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How I Would Clean Up Elections

I’m speaking in Athens, Ohio at Ohio University to the Political Science Majors Association on the Culture of Corruption in Ohio. My B.S., M.A. and Ph.D. are all in political science, but I learned more about the corruption in Ohio as an investigative journalist.

Let’s recall some of the recent scandals in Ohio. In 2001, the former director of the Ohio Department of Human Services pleaded guilty to improperly steering $60 million, primarily in the form of no-bid contracts. As governor, I would end the use of no-bid contracts and make all contracts competitive. So corrupt is Ohio that even the Ohio Consumer Counsel, who advocates on behalf of all Ohio consumers, resigned and was later convicted for accepting gifts from utility lobbyists. Then there was the pay-to-play scheme involving brokers who received contracts from former State Treasurer Joe Deters’ office. Deters was a typical pious Republican invoking the name of God every few seconds while taking pieces of silver from Caesar, or at least Caesar’s lobbyist.

The Coingate scandal has passed into the realm of Ohio legend. Noe, the former hobby shop owner who sold beanie babies, baseball cards and some coins, is planning to plead guilty to stealing between $4.5 and $6 million, and he was indicted for laundering that money into the Bush re-election campaign. Governor Taft’s Chief of Staff was convicted for renting Tom Noe’s $1.8 million Florida home at below market rates. Taft was convicted on four misdemeanor charges of filing incomplete financial disclosure statements and failing to report golf outings and other gifts. One of those outings was with Noe, who claimed he told Taft about his secret and bizarre little rare coin investment scheme backed by the Bureau of Worker’s Compensation.

The key to ending corruption in Ohio is driving bad money from lobbyists out of the process. In order to do this, public matching funds must be brought in at a 2-1 ratio for small donations under $1000 and the state must subsidize media time for all candidates on the ballot. This is the only way to end the inbred culture of corruption and to create a true marketplace of ideas.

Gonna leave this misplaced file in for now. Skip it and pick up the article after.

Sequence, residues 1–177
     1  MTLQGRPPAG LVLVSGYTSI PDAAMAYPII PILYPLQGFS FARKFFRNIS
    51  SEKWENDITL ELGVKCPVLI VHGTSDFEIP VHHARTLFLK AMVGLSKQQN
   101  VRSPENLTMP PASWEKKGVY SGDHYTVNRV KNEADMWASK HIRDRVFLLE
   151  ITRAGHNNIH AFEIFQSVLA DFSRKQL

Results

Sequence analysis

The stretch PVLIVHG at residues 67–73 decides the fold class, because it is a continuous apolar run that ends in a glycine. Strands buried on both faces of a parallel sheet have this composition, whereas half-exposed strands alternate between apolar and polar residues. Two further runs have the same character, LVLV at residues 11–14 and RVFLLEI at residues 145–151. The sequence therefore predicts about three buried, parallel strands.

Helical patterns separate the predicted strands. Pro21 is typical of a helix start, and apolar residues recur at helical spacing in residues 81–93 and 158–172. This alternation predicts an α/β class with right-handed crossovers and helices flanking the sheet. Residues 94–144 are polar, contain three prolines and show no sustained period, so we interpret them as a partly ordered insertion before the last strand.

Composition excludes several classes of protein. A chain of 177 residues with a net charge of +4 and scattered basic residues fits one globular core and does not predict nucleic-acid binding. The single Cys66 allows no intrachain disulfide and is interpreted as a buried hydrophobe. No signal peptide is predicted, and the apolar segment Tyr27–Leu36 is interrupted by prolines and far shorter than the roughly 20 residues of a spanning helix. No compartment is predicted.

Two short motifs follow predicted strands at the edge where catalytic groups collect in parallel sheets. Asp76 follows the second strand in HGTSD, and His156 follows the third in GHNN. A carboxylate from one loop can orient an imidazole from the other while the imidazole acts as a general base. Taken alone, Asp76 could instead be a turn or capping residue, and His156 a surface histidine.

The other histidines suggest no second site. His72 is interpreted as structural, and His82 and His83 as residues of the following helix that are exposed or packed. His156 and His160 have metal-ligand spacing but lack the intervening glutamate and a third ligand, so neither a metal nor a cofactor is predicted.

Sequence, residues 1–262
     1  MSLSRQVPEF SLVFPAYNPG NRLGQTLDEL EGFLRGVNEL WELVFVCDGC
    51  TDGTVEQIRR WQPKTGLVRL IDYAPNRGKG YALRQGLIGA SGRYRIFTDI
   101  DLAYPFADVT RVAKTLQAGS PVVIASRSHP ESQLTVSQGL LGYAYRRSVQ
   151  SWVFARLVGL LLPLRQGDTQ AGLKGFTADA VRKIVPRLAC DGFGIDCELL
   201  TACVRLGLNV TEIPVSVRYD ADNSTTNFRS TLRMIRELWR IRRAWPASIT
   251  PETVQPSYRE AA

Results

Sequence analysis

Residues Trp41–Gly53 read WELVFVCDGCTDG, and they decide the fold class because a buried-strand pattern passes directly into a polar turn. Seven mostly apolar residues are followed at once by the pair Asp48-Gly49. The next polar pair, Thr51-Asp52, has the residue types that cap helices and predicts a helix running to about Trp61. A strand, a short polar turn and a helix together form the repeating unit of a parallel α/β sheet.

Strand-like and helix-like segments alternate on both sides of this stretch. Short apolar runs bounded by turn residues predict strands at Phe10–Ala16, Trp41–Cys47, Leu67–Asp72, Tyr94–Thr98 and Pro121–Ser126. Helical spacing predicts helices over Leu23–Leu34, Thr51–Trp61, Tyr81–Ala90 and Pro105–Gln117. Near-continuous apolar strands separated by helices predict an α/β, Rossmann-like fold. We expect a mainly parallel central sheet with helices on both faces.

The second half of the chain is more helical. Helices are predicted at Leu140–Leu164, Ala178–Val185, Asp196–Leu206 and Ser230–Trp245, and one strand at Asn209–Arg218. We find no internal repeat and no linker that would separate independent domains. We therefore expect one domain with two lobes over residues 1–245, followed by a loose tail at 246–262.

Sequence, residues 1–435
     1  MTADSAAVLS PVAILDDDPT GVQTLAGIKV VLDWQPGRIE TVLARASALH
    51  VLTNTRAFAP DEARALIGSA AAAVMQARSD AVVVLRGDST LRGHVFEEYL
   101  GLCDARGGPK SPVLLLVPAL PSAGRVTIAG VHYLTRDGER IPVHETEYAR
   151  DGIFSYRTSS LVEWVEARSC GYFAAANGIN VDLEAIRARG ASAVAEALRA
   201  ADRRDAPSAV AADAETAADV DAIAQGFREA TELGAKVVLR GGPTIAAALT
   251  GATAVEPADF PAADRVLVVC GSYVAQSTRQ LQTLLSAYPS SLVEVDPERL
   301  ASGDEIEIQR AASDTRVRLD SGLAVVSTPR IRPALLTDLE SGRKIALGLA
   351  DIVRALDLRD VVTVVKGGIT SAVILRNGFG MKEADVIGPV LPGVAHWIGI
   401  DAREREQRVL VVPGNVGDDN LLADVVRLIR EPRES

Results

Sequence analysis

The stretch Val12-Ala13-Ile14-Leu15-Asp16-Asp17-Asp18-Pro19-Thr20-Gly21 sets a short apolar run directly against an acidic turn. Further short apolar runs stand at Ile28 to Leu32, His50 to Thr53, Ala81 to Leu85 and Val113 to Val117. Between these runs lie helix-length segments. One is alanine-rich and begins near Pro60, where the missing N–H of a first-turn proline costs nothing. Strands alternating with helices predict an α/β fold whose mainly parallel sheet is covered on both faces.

4 replies
  1. takebackthehouse
    takebackthehouse says:

    The layers of corruption are so thick that it is hard to keep up with them. It’s too bad that the GOP leadership has made a mockery of fair elections and fair business practices in Ohio government contracting.

  2. J. Robinson
    J. Robinson says:

    Clean Money is the only way to go. Not only does money corrupt, it also deters potentially great candidates from running for office.

  3. Dave Kovacs
    Dave Kovacs says:

    Corrupt lobbyists are really hurting the country (so are some less-corrupt lobbyists). My own campaign has recently highlighted the guilty plea of Neil Volz, a lobbyist for the propaganda-to-children corporation, Channel One. Primedia and Channel One were also represented by Jack Abramhoff.

    I hope Dr. Fitrakis will make kicking corporate ads out of schools part of his education platform.


  4. 48thRonin
    48thRonin says:

    Ohio should follow the lead of states like Maine, where clean election monies have allowed great candidates like Pat LaMarche to have a credible chance to win the Maine governor’s race: http://www.pat2006.com

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